The Shape of Everything
A website mostly about Mac stuff, written by August "Gus" Mueller
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April 14, 2011

Acorn 3 was released this past Tuesday, and the response to it has been pretty wonderful so far. My brain has sort of fallen into zombie mode, mostly from the amount of emails we've been responding to. But I'd like to take a little break and write down what I think are the interesting bits about this release.

First all- if you haven't downloaded and tried Acorn 3 yet, do so. I really do think it's one of the better image editing apps for Mac OS X at this point. Acorn has some great new features such as layer styles (which are really just non-destructive filters), multistop gradients, instant alpha, a completely rewritten PSD importer (and a new exporter!), and much more. The response has been overwhelmingly positive, so I must be doing something right.

App Store sales vs. Direct Sales Numbers

When purchasing Acorn, you can buy it directly from us or go through the Mac App Store. Either way has its benefits. If you buy through the MAS, you get convenience. If you buy direct, you get easier access to betas and such. People have been asking me which way I prefer as the author of the app, and I always respond to do whatever is most convenient for yourself.

But let's look at some numbers to see what folks are doing.

For the first two days 87% of the direct purchases were upgrades. This is a bit higher than normal for my launches, but it wasn't unexpected. My customers are pretty loyal (thank you!) and will buy upgrades without even trying out the app first. It probably also helps that buying an upgrade directly from me will save you $10, since the MAS doesn't allow variable pricing. (Direct upgrades from previous versions are $19.99, and if you bought Acorn on Jan 6th or later, you got a free upgrade).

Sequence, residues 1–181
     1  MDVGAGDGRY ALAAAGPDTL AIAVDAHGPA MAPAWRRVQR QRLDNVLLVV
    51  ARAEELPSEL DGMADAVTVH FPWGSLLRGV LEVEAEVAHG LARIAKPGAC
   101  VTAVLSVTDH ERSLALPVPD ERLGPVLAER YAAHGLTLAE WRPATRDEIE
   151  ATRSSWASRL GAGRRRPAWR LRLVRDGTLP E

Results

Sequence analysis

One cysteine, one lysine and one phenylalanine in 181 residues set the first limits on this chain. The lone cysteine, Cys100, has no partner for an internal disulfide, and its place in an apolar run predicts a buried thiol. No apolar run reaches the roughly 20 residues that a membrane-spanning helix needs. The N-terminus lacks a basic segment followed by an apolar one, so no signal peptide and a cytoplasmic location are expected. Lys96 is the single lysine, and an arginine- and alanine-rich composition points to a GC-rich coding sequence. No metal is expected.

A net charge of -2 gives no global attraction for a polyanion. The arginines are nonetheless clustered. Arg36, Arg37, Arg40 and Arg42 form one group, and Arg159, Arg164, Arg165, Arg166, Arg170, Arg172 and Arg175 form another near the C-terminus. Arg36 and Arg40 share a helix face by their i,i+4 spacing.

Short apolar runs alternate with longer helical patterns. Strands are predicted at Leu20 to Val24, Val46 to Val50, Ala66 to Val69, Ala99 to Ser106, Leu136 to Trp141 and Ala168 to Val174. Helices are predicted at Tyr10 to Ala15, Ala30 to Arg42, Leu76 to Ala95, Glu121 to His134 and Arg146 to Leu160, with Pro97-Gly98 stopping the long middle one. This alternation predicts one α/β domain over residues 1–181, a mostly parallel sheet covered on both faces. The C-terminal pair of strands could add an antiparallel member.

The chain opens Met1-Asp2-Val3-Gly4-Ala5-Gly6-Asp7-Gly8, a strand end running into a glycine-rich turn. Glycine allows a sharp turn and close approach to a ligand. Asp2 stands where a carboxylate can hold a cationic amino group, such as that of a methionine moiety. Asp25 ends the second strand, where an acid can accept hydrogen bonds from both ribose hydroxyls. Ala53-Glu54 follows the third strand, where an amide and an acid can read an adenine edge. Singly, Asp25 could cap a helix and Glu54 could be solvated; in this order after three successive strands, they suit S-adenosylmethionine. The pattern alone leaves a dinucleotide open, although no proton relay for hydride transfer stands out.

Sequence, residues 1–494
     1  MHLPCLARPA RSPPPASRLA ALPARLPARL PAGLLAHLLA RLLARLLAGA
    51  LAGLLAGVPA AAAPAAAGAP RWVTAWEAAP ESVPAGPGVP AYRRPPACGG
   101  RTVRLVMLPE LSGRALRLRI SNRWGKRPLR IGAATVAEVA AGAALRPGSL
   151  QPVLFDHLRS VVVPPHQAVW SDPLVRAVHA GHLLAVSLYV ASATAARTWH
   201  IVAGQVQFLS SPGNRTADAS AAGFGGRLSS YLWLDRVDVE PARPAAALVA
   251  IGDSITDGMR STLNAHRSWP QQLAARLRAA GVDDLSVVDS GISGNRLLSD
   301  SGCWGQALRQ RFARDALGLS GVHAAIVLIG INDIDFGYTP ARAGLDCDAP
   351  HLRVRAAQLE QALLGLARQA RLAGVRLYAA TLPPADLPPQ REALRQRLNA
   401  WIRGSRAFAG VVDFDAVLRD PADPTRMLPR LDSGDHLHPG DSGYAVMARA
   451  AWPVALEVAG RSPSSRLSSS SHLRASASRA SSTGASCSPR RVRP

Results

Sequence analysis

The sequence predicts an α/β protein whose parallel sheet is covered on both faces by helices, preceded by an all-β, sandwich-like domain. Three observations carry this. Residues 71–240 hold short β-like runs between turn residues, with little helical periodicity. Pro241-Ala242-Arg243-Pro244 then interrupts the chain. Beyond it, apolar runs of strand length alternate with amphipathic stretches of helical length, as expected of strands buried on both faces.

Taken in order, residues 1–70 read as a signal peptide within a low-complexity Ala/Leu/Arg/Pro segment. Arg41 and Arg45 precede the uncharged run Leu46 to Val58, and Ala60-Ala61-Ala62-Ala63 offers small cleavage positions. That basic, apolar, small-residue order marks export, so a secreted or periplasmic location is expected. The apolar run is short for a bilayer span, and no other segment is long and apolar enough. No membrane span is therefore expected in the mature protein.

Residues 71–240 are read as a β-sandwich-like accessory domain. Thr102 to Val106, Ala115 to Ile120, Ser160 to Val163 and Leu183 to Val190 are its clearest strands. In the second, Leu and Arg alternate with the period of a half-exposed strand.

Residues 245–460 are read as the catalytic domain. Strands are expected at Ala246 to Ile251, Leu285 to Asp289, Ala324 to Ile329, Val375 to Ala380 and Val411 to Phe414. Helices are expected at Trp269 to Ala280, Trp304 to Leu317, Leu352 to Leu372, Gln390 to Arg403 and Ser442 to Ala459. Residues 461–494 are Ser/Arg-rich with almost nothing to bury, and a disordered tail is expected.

I also wanted to make an opportunity for existing customers to move to the App Store. So I've temporarily reduced the full price of Acorn to $29.99 on both the MAS and direct. (This sale lasts until April 20th). I'm not sure if this is helping out MAS sales or not, since I'm not really sure how to measure it. I suspect it is helping sales though.

On the first day of sales, 49% of my revenue came from direct purchases. On the second day that number lowered to 40%. I actually made more money on the second day from MAS sales than I did on the first, while direct sales went down a bit. I've not seen that before, but it probably helped that Acorn went up to #2 in top grossing MAS sales, and was in the top 10 of paid apps. People like top 10 lists.

(Note: I'm using revenue numbers after Apple takes their 30% cut. I try really hard not to think about the 30% that isn't there).

Hey, why is the server so slow?

I've been linked by Daring Fireball a number of times in the past, and it has never been a problem. I already host the Acorn download on Amazon S3, and I was in the process of moving a bunch of images from the webpage to S3 when DF linked to me. But there was a tense 5 minutes when everything was super slow.